History's most famous LP, Sgt. Pepper's Lonely Hearts Club Band, was Paul's idea.
Having given up touring, The Beatles now focused their attention on fully exploring the possibilities of studio recording, and came up with the most consistently acclaimed rock album of all time. Recording started on November 24, 1966, but by now they were in such a position of strength that EMI could put no pressure on them to finish it for Christmas.
Instead, the sessions continued until the following April, with the Beatles in virtually constant occupation of their favored Abbey Road studio.
Sgt. Pepper's Lonely Hearts Club Band was finally released on June 1, 1967, and just two days later, started a staggering 22-week run at No. 1 on the U.K. album chart. A month later,with over a million advance orders, it topped the U.S. chart for 15 weeks, going on to win no fewer than four Grammies.
Many consider Sgt. Pepper's Lonely Hearts Club Band a "concept" album — something conceived as a package with a common theme.
Peter Blake, a prominent contemporary British artist, was hired to design the album cover. He asked each of the Beatles to list people they would like to see on the cover. The lists were compiled and became the background.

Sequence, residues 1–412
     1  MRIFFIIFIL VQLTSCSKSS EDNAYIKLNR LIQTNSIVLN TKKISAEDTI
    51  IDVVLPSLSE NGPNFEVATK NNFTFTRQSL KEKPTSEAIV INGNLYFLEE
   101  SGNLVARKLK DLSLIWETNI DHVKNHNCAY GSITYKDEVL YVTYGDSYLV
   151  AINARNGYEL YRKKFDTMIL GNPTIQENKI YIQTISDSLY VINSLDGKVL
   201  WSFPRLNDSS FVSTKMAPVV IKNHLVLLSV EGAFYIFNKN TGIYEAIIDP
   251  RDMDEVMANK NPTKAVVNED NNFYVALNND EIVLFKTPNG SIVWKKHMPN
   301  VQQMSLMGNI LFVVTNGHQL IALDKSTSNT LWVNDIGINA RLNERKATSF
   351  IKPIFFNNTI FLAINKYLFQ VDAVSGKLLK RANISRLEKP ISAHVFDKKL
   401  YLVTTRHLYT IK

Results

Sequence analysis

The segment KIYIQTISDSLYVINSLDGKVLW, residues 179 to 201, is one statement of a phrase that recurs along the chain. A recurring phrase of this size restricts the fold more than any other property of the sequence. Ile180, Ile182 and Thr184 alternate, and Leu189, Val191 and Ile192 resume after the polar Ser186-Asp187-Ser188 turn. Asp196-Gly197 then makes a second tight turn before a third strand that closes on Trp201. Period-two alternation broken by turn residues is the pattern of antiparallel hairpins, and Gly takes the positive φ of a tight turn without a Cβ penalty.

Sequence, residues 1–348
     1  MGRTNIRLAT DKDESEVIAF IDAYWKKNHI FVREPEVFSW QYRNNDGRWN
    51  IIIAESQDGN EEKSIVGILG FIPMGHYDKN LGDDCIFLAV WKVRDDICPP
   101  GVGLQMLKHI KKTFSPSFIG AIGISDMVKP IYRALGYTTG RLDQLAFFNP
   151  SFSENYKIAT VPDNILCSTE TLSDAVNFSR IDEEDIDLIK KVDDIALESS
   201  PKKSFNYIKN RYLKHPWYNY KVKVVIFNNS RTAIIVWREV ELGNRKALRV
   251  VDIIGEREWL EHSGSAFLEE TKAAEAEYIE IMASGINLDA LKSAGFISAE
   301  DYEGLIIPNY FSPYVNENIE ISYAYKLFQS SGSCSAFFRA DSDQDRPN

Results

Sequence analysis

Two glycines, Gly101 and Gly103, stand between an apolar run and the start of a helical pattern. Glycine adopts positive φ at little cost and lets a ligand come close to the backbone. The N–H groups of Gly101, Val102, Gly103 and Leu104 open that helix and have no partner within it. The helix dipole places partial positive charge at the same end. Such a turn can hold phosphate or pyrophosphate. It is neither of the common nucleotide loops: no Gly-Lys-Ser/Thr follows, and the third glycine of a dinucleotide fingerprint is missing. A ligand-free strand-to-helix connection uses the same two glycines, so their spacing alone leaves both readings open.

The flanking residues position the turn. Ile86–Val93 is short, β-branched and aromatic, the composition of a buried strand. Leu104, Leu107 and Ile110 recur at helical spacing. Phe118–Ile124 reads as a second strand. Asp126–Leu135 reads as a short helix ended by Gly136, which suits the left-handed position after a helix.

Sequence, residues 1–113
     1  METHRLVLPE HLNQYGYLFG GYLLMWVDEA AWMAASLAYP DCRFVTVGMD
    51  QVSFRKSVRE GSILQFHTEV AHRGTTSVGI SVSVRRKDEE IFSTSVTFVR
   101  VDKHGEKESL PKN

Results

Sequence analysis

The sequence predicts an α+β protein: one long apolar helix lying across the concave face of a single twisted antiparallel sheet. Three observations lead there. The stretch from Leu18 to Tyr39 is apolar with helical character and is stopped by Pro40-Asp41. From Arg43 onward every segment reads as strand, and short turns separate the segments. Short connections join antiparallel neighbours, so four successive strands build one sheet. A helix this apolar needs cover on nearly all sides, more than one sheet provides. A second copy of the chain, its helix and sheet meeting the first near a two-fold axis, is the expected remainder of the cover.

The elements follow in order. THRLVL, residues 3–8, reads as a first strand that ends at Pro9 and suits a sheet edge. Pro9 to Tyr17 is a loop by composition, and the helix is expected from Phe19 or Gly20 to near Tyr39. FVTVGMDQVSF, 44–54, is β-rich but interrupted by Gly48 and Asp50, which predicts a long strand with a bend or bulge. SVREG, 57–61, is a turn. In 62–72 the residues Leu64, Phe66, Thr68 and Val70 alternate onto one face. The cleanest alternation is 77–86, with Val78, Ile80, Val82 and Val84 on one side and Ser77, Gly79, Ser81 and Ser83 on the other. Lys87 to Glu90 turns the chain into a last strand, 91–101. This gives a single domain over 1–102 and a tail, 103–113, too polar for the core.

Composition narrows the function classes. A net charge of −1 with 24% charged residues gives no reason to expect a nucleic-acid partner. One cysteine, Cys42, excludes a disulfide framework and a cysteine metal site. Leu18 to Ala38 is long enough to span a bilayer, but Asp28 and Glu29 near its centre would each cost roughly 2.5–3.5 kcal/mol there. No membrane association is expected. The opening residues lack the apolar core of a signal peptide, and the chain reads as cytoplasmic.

At the Beatles' insistence, the gatefold LP marked the first occurrence of an identical Original Vinyl Track Listing in a UK and US Beatle album. However, only the UK version has a short section of noise, gibberish, and a 15 kilocycle pitch (not audible to humans) in the LP's run-out groove.
The record was officially released on June 1, 1967, although it was rush released on May 26. It was actually played on the BBC radio show Where It's At, on May 20.
Within one week 250,000 copies of Sgt. Pepper's Lonely Hearts Club Band sold in the UK and the record charted for an unprecedented 148 weeks.
In the US, 2.5 million copies sold within three months and the album stayed in the No. 1 spot for nineteen weeks.
The LP included a paper cut-out sheet.
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